Now when I say nothing; I really mean nothing. I didn't know they needed to be primed. I was using a set of enamel paints for models. I still cringe when I think about that. Of course at the time, there wasn't the resources that were available today or even ten years ago. At least that I knew of! There certainly wasn't the World Wide Web/Internet/whatever you want to call it; with all it's websites and blogs. I didn't know about any magazine that covered such knowledge; much less any books. Now there are quite resources websites, blogs, books, and magazines which contain information and tutorials that help teach the craft of miniature painting.
One of the better blogs discussing painting miniatures is wargaming tradecraft from N++ . If you know nothing about painting minis, and want to learn his blog is the perfect place to start. He covers it all, or will eventually I imagine, and does so with a nice, clear writing style. I've learned a few things reading his posts. I really need to go back, and start taking "notes"; i.e. cutting and pasting text into a word processor. Hey, it's how I do things, and works great if you make back ups of your files. Plus, Dave seems to be a nice guy, he gave me some advice about my computer problem.
Carmen's Fun Painty Time! is another good miniature painting blog. He's a talented painter and terrain builder. It seems he covers quite a few different genres. The conversions he made for Gamma World are awesome. I couldn't find any miniature painting tutorials, but you can probably learn quite a bit from just reading his blog, he's got quite a few photos. He's also talented at converting minis and sculpting new creations. His photos document his processes well, and he does have some really nice terrain tutorials. Check out his caveman series of terrain tutorials. Some very good stuff there, with techniques that can very well carry over into other genres. There's also quite a few links to the miniature companies he buys from; as well as the companies he buys his supplies from. If his blog does anything, it should inspire you to be a better painter, sculpter, or terrain builder.
Here's another fun blog, Double 0 Sven . He's got some great tips on photographing miniatures and some on terrain. Plus, I really love his concept. He doesn't just post the photos of the miniatures, he writes stories about what's going on. A web comic of sorts.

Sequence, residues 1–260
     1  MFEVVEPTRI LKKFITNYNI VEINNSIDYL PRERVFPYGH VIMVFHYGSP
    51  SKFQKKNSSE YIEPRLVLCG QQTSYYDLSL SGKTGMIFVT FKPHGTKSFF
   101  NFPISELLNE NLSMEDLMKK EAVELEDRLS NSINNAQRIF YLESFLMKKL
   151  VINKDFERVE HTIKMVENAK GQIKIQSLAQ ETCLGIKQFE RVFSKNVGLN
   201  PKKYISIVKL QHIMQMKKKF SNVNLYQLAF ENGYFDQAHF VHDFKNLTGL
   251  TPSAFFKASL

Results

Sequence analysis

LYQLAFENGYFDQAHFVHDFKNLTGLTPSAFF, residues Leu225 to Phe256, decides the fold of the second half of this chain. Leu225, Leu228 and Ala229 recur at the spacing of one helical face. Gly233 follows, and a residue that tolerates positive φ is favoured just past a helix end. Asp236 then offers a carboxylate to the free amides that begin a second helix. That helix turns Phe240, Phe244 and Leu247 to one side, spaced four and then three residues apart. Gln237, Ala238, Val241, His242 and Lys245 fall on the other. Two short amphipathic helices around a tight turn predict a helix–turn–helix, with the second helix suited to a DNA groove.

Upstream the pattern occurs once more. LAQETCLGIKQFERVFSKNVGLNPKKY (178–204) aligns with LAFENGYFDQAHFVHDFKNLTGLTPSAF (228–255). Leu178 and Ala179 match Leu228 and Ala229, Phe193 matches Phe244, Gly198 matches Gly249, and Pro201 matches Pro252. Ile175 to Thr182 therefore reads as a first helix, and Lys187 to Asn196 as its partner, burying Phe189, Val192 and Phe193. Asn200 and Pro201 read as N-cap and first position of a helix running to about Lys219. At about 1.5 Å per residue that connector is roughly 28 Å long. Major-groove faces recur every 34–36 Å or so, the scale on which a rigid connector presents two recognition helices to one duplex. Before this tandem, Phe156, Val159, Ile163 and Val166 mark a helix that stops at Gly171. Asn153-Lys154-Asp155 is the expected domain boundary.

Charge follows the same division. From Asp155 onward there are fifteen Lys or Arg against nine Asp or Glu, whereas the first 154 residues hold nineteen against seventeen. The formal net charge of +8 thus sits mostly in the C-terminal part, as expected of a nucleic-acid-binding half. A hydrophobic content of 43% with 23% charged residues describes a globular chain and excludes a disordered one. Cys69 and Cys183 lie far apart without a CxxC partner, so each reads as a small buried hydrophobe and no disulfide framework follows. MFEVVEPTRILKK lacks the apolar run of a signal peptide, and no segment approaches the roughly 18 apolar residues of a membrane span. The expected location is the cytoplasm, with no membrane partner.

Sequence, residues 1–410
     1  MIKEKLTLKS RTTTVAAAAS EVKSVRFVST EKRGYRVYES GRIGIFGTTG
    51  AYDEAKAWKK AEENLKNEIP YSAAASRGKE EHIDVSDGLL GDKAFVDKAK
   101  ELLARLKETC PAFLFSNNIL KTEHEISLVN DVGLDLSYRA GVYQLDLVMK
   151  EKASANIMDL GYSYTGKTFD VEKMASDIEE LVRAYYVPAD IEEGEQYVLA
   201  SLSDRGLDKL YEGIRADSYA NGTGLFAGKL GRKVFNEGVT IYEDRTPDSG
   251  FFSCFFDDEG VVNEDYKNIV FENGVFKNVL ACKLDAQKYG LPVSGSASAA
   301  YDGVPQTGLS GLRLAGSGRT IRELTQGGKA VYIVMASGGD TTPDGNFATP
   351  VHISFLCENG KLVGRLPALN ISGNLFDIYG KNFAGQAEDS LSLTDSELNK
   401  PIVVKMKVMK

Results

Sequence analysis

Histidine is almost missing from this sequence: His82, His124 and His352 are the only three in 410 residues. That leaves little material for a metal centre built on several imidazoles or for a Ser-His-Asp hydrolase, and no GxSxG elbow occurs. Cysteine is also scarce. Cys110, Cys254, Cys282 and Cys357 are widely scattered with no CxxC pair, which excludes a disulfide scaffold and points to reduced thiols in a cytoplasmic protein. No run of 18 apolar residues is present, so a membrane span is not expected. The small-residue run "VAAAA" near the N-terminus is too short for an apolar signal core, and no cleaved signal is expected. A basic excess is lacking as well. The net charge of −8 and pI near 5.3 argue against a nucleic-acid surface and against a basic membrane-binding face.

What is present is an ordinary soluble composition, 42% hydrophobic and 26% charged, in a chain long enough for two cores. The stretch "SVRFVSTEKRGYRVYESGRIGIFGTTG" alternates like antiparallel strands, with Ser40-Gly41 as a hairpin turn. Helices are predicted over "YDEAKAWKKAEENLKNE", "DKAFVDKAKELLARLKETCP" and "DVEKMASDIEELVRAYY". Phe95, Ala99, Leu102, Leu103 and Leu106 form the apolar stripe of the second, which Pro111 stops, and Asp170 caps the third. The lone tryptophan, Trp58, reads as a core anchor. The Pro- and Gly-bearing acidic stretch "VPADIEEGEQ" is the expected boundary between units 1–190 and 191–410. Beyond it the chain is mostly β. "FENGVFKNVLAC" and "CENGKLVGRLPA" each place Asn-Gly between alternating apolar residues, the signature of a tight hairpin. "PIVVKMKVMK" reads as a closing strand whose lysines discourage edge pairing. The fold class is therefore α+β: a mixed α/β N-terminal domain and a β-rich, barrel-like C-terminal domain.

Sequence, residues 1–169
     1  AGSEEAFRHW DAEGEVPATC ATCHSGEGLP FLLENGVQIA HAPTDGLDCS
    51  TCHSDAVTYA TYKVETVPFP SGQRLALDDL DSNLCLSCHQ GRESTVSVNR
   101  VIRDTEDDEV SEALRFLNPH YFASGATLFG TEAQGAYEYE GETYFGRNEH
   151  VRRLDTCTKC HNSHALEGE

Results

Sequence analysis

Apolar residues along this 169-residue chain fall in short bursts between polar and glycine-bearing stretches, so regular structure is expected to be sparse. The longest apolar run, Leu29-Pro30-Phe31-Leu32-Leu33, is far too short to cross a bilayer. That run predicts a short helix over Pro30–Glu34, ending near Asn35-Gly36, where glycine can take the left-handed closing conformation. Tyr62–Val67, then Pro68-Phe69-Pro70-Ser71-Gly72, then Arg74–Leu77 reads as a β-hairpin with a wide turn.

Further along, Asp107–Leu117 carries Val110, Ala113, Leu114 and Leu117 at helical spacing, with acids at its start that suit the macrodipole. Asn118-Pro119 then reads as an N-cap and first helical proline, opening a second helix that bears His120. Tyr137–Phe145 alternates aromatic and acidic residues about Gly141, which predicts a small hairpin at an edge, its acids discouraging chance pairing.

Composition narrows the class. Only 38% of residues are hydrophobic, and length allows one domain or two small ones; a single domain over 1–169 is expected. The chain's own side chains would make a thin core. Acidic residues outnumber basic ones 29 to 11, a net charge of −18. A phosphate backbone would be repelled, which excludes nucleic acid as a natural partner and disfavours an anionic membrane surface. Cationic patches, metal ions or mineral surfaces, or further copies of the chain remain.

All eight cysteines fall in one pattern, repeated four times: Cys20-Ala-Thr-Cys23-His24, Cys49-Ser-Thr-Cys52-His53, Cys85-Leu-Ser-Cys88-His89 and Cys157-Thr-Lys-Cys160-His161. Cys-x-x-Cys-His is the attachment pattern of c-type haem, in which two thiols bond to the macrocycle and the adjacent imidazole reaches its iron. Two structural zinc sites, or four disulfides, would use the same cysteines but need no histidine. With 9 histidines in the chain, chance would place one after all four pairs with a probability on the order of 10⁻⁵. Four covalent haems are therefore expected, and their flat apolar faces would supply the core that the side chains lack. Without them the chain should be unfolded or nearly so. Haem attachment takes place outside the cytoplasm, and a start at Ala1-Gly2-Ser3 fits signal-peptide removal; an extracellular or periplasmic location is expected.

The World of Double 0 SvenEvery time I read this I laugh. Sheer brilliance. That's what I love about this hobby so many creative people involved in just about every aspect of the gaming hobby.
Double 0 Sven is a cold, Icelandic secret agent working on behalf of the Scandinavian Government. His mission: to track down the feared SMORGES Board-a band of Smugglers, Muggers, Ornithologists, Racketeers and Genius Evil Scientists.
Another fun blog is Doctor Merkury , he's always got some kind of fun, miniature thing going on...
Earlier in the post I mentioned the Grenadier Miniatures I bought when I was just a teenager. They were official AD&D miniatures. I don't remember what the sets were called, but I believe I still have a few, well, maybe a couple somewhere, and I plan on stripping the old paint off, which I now know how to accomplish thanks to the wonders of the Internet, and I eventually will repaint them. Where are you Balrog!
I know that you can get prepainted miniatures, but there's nothing like taking a unpainted miniature and giving it your own unique look. Also, with some practice you can convert or create your own fantastic creations.
Well, I guess that's enough for now. Trust me, you can find many other blogs and websites about painting minis just by checking out blog rolls, or doing an Internet search. ( I've got a few on my own blog roll. ) Even if it's a genre or gaming system you aren't interested in; the techniques will be the same, and you can learn much from the different ways people do things. Good luck, and start painting!